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Editor's Note 



Through a fluke of circumstance, I recently had the opportunity to watch the first few minutes of Conan the Barbarian (1982) for the first time in 20 years. Say what you want about the acting chops of the Austrian bodybuilder they hired to play the lead, the screenplay was written by pros—John Milius (Apocalypse Now) and Oliver Stone. Based loosely on the sword-and-sorcery stories of Robert E. Howard, the film follows a conventional rags-to-riches arc. After witnessing the slaughter of his parents, the young Conan is sold into slavery, where he is forced with others to push a human-powered mill, the Wheel of Pain. Eventually, Conan is the only wheel-pusher left standing, trudging around in an Sisyphean circle. (There is a darkly humorous YouTube mash-up of this scene set to the guttural droning of the Slovenian industrial band Laibach’s “Life is Life.”)

In case you haven’t seen the film—and I’m not saying you should; its flaws are legion—Conan slays James Earl Jones in the end, as all good heroes are wont to do. But the Wheel of Pain became embedded in my mind as such a fantastic metaphor that I found myself carrying it around in my pocket like a string of worry beads.

Waiting in line at the grocery store, stuck behind four full grocery carts, my own cart stacked with a week’s provisions, inching toward checkout, I thought—sadly and with little comfort— “This is just like that scene in Conan!” All of us shuffling forward, an inch at a time; out to our cars, home to our cupboards, and back again next week.

In the midst of shoveling snow during that last, mad March snowstorm, my back aching, feet and hands cold and wet, the Wheel came to mind.

Looking at the mountain of work on my desk, I was again reminded of the Wheel. (Actually, this is not entirely true. In an irony of the Digital Age, most of the work we are responsible for is not stacked in reams of paper anymore but queued in unanswered e-mails in our computers. The tool that empowers also enslaves. Just like the Wheel of Pain!)

At the gym this winter, spinning the pedals in yet another stationary cycle class while waiting for the weather to warm up, the Wheel was much in my thoughts.

Scraping three layers of caked-on old paint off the intricately rounded columns on my front porch, the Wheel was being shouldered.

I found the Wheel such a handy-dandy metaphor that when asked how I was doing, I would reply, “Turning the wheel.”

And then you wake up one day when the sun is high and bright and warm and you realize you’ve turned the Wheel right into spring. The forsythia is hinting at yellow. The sorrel patch has sprouted again in the garden, unbidden and glorious. Or, perhaps you realize you’re just a wheel within a wheel. That the Wheel of the Year—the ancient pagan term for the cycle of the seasons—spins as well. So caught up in the force of our own spinning, we lose track of the greater rotation. (Beltane, the pagan ritual announcing the arrival of spring, is enthusiastically celebrated each year in Rosendale. A preview of the event is on page 93.)

Where does all this turning get you? Nowhere or everywhere, depending on your philosophical framework, but sometimes it gets us noticed. (Just like Conan, who was plucked off the Wheel to fight in the gladiatorial pit.)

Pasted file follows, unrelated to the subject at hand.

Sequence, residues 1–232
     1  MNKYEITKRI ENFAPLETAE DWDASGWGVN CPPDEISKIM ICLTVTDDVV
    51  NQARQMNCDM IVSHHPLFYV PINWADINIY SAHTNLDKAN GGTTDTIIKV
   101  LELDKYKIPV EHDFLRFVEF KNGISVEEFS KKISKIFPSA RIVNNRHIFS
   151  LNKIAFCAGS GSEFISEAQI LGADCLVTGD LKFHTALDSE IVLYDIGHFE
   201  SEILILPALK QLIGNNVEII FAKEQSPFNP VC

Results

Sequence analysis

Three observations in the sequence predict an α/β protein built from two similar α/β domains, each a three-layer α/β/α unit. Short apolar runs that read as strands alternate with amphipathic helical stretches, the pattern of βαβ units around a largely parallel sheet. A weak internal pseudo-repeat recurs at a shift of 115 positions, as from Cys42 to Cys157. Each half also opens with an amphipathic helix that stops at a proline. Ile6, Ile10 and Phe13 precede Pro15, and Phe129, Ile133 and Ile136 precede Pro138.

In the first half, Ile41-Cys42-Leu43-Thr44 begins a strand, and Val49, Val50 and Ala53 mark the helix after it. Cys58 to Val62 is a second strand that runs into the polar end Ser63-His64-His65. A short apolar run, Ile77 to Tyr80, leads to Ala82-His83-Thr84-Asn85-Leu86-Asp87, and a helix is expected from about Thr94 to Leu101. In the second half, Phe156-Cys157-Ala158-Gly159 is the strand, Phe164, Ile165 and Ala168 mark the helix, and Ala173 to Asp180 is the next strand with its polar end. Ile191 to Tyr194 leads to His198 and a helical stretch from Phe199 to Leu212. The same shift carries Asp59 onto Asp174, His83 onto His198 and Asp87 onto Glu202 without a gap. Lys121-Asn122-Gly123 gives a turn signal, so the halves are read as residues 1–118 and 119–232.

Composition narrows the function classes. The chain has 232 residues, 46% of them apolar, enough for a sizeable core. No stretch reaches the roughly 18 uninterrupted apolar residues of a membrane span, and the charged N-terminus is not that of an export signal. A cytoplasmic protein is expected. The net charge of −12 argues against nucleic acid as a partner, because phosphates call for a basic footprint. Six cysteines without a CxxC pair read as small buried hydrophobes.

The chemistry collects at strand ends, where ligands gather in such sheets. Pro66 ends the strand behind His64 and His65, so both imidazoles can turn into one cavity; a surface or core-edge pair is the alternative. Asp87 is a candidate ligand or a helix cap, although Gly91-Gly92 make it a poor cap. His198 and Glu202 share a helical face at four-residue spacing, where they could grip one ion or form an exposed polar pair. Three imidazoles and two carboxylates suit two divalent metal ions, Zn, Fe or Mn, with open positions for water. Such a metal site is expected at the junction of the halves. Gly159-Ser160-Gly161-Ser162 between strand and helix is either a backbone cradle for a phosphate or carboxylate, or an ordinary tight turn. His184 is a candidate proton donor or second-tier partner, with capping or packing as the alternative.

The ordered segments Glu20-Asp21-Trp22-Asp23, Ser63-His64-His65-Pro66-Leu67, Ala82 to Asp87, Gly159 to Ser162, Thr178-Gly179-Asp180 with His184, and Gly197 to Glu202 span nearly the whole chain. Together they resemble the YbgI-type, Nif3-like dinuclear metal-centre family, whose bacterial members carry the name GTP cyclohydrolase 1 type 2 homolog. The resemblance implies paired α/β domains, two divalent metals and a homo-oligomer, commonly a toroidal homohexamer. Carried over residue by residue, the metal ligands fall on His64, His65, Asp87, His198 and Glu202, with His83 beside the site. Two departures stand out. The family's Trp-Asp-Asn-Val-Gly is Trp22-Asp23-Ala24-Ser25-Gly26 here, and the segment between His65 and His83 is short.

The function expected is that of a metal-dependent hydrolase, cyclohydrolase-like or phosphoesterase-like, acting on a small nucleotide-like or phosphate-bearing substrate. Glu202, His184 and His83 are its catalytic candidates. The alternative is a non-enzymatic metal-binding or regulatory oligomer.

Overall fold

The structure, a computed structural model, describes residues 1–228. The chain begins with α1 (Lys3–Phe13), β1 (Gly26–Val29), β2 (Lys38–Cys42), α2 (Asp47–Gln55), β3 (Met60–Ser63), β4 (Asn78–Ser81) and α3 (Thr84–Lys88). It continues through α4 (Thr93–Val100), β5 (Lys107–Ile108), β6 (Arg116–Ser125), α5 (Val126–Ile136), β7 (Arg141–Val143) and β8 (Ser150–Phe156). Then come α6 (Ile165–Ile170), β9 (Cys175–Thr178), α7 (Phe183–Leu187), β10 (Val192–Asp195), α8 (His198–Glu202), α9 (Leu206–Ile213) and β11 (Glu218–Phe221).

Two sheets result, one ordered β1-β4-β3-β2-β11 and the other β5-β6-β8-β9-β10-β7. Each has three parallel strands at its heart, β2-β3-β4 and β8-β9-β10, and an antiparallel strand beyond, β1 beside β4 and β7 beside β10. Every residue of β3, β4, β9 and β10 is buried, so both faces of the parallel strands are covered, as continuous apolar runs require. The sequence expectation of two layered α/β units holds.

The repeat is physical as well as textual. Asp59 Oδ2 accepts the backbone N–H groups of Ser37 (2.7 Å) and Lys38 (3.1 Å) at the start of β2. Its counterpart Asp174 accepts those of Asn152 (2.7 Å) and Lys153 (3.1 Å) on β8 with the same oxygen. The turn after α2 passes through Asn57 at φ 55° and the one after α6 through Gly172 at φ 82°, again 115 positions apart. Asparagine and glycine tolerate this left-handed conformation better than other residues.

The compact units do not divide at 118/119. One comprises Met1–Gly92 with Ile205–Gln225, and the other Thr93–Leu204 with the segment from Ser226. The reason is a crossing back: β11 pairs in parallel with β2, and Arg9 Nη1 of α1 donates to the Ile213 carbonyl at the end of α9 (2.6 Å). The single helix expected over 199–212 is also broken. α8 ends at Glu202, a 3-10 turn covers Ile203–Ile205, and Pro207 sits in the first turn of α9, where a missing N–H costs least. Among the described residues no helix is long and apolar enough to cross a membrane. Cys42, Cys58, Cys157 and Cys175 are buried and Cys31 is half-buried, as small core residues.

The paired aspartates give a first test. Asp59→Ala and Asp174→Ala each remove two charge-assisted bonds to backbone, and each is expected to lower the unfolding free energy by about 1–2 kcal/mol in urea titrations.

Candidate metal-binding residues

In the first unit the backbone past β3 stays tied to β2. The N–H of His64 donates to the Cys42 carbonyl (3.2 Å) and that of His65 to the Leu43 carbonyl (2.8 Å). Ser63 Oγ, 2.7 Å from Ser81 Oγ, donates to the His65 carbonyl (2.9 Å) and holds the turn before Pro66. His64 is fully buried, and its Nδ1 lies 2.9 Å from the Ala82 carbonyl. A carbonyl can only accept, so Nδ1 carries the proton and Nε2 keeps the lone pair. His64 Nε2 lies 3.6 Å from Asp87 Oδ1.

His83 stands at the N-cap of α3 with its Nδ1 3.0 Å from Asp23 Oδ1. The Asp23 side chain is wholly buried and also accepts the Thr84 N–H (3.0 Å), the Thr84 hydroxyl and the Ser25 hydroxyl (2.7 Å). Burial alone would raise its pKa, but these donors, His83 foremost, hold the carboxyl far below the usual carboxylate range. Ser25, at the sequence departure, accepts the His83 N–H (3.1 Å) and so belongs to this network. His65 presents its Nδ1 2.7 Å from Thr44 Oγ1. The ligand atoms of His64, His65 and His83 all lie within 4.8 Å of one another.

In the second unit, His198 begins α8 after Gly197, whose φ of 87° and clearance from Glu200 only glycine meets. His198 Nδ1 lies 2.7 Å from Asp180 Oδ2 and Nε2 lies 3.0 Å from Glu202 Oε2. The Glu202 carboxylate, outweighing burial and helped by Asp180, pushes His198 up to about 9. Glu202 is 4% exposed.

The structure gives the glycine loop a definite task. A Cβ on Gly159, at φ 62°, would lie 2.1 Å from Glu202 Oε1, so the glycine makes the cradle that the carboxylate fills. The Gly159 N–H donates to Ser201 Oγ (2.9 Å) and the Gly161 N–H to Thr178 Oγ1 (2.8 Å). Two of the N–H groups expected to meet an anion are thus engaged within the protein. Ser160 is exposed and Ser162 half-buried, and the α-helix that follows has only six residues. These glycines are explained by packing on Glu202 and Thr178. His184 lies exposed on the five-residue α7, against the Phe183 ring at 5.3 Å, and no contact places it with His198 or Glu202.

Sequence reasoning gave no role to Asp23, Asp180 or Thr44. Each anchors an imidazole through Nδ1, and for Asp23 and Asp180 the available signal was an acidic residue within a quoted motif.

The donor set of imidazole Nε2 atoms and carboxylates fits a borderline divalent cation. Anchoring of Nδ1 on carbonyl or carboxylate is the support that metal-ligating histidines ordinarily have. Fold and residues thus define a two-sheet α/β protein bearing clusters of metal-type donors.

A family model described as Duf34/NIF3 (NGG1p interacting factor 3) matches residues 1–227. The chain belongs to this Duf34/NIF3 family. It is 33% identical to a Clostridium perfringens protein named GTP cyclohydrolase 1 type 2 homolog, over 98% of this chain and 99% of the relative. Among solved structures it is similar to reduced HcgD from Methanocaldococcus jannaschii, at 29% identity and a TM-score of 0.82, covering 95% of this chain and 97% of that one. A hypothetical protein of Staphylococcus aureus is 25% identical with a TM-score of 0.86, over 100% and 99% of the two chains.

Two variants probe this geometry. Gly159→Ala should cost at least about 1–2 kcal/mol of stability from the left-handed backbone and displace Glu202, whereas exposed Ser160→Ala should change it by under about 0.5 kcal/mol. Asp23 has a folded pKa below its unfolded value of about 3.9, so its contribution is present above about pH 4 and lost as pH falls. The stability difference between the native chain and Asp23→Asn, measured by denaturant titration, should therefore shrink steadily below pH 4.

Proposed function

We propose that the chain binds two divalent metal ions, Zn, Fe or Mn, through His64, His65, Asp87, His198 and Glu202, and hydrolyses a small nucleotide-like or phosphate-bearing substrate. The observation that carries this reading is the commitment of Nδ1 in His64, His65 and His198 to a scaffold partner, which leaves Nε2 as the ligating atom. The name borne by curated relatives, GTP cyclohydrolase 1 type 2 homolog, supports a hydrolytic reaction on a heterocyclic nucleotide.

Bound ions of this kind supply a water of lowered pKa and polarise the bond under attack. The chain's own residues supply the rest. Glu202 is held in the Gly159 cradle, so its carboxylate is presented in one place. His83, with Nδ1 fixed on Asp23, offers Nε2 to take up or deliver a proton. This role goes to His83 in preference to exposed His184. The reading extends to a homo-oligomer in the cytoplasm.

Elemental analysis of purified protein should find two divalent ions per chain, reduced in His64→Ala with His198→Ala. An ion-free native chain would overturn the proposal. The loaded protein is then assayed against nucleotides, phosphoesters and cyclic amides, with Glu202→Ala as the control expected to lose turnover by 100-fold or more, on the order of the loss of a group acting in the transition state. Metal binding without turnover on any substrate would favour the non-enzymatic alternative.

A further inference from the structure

I’m pleased and honored to relate that Chronogram has been nominated for an Utne Independent Press Award for our health and wellness coverage in 2009. I’ve mentioned Utne Reader in this column in the past, as the magazine has published excerpts from a few articles originally seen here in recent years. We are in prestigious company—Mother Jones, The Nation, Spirituality & Health, Orion, and Columbia Journalism Review, along with 30 other titles, have all been nominated along with Chronogram. One of the more interesting wrinkles to the Utne awards is their nomination process. From the Independent Press Award press release: “Utne Reader’s editors select nominee publications through an extensive reading process and careful, yearlong examination, rather than via a competition with entry forms and fees. In this way, the magazine honors the efforts of small, sometimes unnoticed publications that provide innovative, thought-provoking perspectives often ignored or overlooked by mass media.” There was no entry fee or application process. Chronogram did not pay to be offered this nomination. It’s the kind of accolade that fits our style.

The Independent Press Awards will be announced on April 25. (We’ll let you know if we bring home the trophy.) Win or lose, that Chronogram has been chosen from among 1,300 magazines to be nominated for an Independent Press Award is as humbling as it is gratifying. A special shout-out is due to Lorrie Klosterman, our health and wellness editor, whose engaging and sagacious writing and editing is the wheel within the wheel here.

We all must turn the wheel. Most likely, we will not be recognized for the incessant effort it takes. (Who is there to clap for us? We all have our hands on the wheel, pushing, pushing.) But if laurels do come, we will accept them with gratitude. And then pick up where we left off, pushing that darn wheel. Turn it with malice or turn it with mirth, it still needs pushing. And that is not a bad thing. To everything, turn, turn, turn.

click to enlarge Photo By Mark Joseph Kelly
  • Photo By Mark Joseph Kelly

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  • Brian Mahoney discusses the Wheel of Pain and Chronogram's nomination for an Utne award.

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